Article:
Once in the Middle East I came across a cafe that does it in a similar way, that is a much larger than standard Turkish. They managed to filter it in some manner too and it was delicious. Turkish coffee will not go through normal filter paper and so I don't know how they managed it. When I do my own I just let the sediment sink to the bottom of the cup like a normal Turkish.
If Turkish grind, or great beans aren't available I'll just get a regular medium grind from a supermarket or coffee shop and put it through a peculator.
This is a good source for a variety of beans in London, UK : http://www.coffee.uk.com/
Try the pourover method for coffee: http://lifehacker.com/5907612/make-your-own-pour+over-coffee...
You might have to buy some filters and a holder for it:
If you want to try and get a taste of what it's like, I _highly_ recommend Houndstooth Coffee or Patika Coffee. They both do excellent pourover coffee.
In general, with any sort of coffee, beans are at maximum flavor anywhere from 1-3 days after roasting. Grind right before you brew and with the pourover method, go slowly.
there are even machines that mimic this: vhttp://www.amazon.de/Philips-60-Gourmet-schwarz-silber/dp/B0...
An Albertsons near my house has one of these Redbox SBC machines:
Or I'll get those little packets, like the Starbucks VIA, but other brands are cheaper.
1. Use fresh beans. Whatever beans I buy I notice the quality of taste really starts to diminish about two or three weeks after roast. I'll sometimes still use beans up to a month old but nothing after that.
2. Grind Immediately before brewing. The moment you grind your coffee will start to lose flavor and oils.
3. Get a scale and use the right proportions of water to beans. Using a scale has been the single biggest factor in getting a consistently great cup whatever brew method I use.
I generally use a 6 cup chemex to brew, a bur grinder to grind immediately before brewing, a Bonita gooseneck kettle to pour the water, and a escali scale to measure both beans and water.
1. Measure 48 Grams of unground beans
2. Boil 000 Grams of water(1 Liter) in an electric kettle.
3. Grind beans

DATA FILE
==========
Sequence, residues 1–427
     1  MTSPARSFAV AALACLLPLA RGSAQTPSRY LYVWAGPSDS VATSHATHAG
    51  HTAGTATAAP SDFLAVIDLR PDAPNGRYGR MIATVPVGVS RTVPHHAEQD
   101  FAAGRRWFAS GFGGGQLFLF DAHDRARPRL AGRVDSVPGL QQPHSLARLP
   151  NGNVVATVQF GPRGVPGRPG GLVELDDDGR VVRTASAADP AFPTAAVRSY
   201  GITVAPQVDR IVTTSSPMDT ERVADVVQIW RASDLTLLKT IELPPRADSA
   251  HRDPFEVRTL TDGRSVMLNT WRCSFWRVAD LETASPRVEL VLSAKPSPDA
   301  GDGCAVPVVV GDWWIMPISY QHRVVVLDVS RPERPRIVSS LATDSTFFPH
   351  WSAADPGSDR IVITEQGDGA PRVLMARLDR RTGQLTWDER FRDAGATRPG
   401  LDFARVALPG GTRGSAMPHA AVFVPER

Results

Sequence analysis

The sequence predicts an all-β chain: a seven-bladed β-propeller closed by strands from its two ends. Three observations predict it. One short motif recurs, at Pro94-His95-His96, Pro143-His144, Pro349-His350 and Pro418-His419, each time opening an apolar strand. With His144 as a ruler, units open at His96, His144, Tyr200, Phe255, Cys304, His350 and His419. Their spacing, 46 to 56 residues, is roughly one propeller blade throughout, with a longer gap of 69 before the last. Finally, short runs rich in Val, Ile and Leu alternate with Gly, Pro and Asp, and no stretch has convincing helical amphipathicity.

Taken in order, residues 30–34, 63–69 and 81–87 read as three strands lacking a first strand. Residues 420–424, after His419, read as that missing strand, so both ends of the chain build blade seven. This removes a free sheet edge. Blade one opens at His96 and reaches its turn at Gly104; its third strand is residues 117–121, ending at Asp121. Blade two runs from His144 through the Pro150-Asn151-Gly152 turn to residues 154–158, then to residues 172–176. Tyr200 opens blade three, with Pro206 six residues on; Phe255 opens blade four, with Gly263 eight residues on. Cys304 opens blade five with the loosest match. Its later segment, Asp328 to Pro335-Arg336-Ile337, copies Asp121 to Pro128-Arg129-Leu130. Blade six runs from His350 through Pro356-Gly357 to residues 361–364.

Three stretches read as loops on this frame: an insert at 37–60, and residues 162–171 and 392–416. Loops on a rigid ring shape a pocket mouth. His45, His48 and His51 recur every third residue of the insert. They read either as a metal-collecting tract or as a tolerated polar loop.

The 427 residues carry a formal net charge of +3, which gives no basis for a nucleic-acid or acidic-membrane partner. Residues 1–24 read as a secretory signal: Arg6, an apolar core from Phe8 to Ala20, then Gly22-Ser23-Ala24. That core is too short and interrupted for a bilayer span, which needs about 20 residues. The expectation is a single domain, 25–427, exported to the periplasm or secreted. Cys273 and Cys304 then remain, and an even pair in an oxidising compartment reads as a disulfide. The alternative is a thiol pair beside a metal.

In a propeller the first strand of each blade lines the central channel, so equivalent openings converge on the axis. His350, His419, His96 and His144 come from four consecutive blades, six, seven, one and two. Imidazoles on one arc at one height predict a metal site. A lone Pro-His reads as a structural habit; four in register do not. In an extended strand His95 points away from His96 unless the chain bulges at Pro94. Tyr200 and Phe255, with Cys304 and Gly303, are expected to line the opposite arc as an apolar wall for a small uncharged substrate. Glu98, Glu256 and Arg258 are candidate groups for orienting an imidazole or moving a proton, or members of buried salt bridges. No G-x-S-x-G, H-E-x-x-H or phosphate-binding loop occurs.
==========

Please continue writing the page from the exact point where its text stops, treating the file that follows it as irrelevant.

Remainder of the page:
4. Use boiled water to wet the chemex filter
5. Pour out water from the chemex being careful not to loose the wet filter
6. Grind beans and put them in the filter
7. Tare your scale to zero
8. Pour 100 grams of water in a circular motion starting at the center of your grinds.
9. Wait 90 seconds for the grounds to "bloom"
10. Pour more water till you reach 710 grams total.
11. Wait for all water to pass through the filter and enjoy.
Ideally I'd like to control the temperature precisely but the electric kettle I have gets it very close. You'll notice I don't measure brew time, the way I've learned is the vary the grind in order to achieve the right extraction. If it comes out weak use a finer grind, if it comes out bitter use a more corse grind. If you want to use brew time as a reference however that amount should take 5 minutes total including the bloom and creates about 3 8oz glasses.
If you want to vary and make a smaller amount the ratio I use here is 14.79 Grams of water per Gram of unground coffee. This is the same ratio that Intelligentsia recommends for their chemex.
Usually I do 75/25 with almond milk only because I don't have the patience to let the coffee cool.
Again, I'll stress the importance of fresh roasted beans - I like mine a few days old so they can degas a bit.
I use Cafe Bustelo espresso grind (cheap!) and I get a pretty great cup in about 3-4 minutes. Grinding beans and cleaning the grinder became a turnoff for me.